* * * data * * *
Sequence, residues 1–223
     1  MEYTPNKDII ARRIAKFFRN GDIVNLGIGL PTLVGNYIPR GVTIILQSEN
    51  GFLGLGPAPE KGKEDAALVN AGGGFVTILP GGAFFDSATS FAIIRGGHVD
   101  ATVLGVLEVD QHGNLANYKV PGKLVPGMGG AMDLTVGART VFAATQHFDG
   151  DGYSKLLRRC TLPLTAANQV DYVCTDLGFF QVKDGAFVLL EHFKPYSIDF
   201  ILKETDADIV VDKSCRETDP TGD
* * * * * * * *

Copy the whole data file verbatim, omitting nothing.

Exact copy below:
Sequence, residues 1–223
     1  MEYTPNKDII ARRIAKFFRN GDIVNLGIGL PTLVGNYIPR GVTIILQSEN
    51  GFLGLGPAPE KGKEDAALVN AGGGFVTILP GGAFFDSATS FAIIRGGHVD
   101  ATVLGVLEVD QHGNLANYKV PGKLVPGMGG AMDLTVGART VFAATQHFDG
   151  DGYSKLLRRC TLPLTAANQV DYVCTDLGFF QVKDGAFVLL EHFKPYSIDF
   201  ILKETDADIV VDKSCRETDP TGD